The first distribution occurred on February 26, 1980. The literature encouraged Union membership and referred to non-Union employees by such names as "scabs" and "freebies." The author Jack London's definition of "scab" was included, describing a scab as lower than a rattlesnake, toad and vampire. "The scab sells his birthright, country, his wife, his children and his fellowmen for an unfulfilled promise from his employer." See National Association of Letter Carriers v. Austin, 418 U.S. 264, 268, 41 L. Ed. 2d 745, 94 S. Ct. 2770 (1974) (quoting London's piece in full). The local continued this pattern of derisive language when it republished on April 16 the London definition and informed employees it would publish a list of non-Union employees working at the Southington facility. One such list appeared on May 7; two more lists were later distributed on May 13 and May 20. The May 13 distribution used the scab language and further elaborated on the aid that non-union employees gave the employer in the upcoming negotiations; it urged these employees "to get 'born again'--to ride the Union train and pay the Union fare." The second again referred to the non-Union workers as scabs.
The employer responded on May 30. It believed that such language violated the collective bargaining agreement's stricture that workers be free to choose whether or not to become Union members, and that it was contrary to an arbitrator's decision, at another plant, which prohibited the verbal use of such reviling language. As a result, the employer banned further distribution of this literature on its premises and threatened disciplinary action against any employee disregarding the prohibition.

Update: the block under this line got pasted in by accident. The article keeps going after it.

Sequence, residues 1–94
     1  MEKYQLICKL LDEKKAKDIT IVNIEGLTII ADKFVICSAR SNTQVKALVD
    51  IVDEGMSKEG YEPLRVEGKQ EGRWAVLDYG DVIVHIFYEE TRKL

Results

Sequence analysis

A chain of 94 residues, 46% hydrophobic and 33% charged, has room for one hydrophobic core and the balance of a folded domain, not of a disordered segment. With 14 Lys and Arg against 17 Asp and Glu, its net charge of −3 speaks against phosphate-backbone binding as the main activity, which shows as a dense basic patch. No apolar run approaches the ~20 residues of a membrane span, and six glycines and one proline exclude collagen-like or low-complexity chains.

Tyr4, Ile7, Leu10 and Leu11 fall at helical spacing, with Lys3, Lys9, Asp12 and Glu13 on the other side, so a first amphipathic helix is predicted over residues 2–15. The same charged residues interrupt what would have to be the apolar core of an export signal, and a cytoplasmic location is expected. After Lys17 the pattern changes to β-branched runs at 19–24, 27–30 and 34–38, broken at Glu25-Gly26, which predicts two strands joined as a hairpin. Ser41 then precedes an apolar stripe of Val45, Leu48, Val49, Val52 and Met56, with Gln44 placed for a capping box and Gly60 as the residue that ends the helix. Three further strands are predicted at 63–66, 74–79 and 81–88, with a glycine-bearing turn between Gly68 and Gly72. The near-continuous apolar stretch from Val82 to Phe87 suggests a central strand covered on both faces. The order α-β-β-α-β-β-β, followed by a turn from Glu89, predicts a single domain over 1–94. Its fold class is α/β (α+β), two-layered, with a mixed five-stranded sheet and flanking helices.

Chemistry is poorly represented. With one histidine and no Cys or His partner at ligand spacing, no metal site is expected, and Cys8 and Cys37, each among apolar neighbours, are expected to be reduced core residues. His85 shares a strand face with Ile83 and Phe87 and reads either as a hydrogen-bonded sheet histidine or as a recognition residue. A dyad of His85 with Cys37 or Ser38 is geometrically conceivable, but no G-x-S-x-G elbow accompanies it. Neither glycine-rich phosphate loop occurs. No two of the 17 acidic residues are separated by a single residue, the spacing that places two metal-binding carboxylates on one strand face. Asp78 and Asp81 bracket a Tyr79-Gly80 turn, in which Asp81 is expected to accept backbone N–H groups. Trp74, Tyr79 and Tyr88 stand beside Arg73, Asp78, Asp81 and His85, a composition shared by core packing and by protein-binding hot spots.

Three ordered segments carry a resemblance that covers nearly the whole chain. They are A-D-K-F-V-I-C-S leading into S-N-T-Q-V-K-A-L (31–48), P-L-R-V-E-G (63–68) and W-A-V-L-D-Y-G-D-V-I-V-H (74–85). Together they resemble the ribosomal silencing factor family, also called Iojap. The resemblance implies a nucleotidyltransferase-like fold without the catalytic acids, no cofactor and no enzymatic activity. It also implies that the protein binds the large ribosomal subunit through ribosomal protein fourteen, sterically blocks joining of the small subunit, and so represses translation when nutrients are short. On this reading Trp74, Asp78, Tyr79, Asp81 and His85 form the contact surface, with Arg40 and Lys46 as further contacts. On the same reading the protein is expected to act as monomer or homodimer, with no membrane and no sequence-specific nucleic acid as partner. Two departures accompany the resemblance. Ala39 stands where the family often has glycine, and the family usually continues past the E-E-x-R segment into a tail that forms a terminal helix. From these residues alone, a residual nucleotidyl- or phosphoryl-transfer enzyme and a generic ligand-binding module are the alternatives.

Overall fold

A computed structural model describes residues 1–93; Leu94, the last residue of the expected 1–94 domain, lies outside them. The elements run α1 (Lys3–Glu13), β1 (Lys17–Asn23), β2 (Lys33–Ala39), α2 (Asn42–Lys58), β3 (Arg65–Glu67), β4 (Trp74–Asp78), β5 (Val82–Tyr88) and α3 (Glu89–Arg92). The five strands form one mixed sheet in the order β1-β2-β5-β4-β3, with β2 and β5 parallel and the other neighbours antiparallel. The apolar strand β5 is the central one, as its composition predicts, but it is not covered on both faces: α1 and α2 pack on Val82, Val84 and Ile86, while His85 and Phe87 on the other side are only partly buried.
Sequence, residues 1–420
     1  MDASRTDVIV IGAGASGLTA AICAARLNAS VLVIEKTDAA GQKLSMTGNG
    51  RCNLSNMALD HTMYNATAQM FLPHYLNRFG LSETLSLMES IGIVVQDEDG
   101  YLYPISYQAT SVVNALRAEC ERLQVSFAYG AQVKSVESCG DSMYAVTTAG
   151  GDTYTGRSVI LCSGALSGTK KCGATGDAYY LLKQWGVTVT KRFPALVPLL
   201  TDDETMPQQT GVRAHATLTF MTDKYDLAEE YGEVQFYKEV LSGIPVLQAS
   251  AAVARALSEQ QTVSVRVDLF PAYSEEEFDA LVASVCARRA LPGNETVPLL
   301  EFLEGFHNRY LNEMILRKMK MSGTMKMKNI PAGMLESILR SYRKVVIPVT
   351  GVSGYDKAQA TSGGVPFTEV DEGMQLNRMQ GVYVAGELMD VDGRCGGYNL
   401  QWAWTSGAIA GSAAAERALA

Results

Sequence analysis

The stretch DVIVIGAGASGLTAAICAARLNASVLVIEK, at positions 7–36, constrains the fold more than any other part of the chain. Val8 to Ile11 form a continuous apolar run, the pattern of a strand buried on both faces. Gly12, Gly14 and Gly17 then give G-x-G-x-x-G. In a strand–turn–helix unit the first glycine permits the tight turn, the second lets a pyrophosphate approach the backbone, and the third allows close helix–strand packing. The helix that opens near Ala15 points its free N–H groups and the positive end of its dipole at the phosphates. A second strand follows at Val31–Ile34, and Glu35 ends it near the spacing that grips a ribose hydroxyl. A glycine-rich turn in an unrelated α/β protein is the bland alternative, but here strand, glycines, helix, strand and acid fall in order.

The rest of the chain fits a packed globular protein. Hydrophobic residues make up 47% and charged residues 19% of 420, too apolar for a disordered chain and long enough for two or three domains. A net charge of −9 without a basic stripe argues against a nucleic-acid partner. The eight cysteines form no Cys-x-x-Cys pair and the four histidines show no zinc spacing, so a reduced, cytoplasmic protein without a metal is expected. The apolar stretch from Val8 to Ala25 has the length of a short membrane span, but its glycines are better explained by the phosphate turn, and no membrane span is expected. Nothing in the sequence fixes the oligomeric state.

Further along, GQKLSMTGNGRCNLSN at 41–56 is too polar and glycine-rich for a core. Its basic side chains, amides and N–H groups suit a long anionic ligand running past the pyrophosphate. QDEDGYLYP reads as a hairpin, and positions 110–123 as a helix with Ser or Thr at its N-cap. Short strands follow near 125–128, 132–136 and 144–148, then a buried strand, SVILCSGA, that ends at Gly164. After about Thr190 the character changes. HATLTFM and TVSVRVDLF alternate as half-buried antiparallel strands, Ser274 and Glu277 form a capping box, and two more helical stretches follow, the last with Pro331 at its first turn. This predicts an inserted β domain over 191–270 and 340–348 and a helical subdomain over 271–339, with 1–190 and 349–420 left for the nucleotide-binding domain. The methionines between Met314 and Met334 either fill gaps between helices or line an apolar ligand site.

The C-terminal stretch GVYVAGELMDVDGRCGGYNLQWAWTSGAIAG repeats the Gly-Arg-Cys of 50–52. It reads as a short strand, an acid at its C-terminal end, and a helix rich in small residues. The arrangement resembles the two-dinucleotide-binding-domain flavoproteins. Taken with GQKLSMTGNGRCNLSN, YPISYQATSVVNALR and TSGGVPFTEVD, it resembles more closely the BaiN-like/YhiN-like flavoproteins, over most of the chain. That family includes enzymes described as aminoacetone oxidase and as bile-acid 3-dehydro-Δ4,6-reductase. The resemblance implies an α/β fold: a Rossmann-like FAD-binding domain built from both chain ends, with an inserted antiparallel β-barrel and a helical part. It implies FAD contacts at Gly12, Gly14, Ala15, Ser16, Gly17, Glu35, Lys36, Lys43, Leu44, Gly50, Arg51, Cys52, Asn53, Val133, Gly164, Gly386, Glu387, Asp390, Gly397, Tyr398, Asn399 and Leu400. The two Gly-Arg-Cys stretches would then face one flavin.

B. Administrative Decisions
The ALJ found that the leaflets were distributed as part of an organizational campaign and as such were protected activity under § 7, 29 U.S.C. § 157 (1982). He further held that the scab terminology did not take the publications outside that protection. Relying on Austin, and Linn v. United Plant Guard Workers of America, 383 U.S. 53, 15 L. Ed. 2d 582, 86 S. Ct. 657 (1966), the ALJ concluded that the Union was entitled to disseminate such literature and that the employer's efforts to prohibit it violated § 8(a)(1). He noted that the employer had not shown any labor unrest directly attributable to the challenged language. The NLRB adopted these findings and upheld the ALJ's determination that the employer's conduct violated § 8(a)(1). United Technologies Corporation, 118 L.R.R.M. at 1557-58.
Consistent with the § 7 right to organize for the purpose of collective bargaining, workers can join, form, or assist labor unions and otherwise engage in group activity. 29 U.S.C. § 157. These rights extend not only to actions associated with collective bargaining, but also to actions directed at the workers' "mutual aid or protection." Id.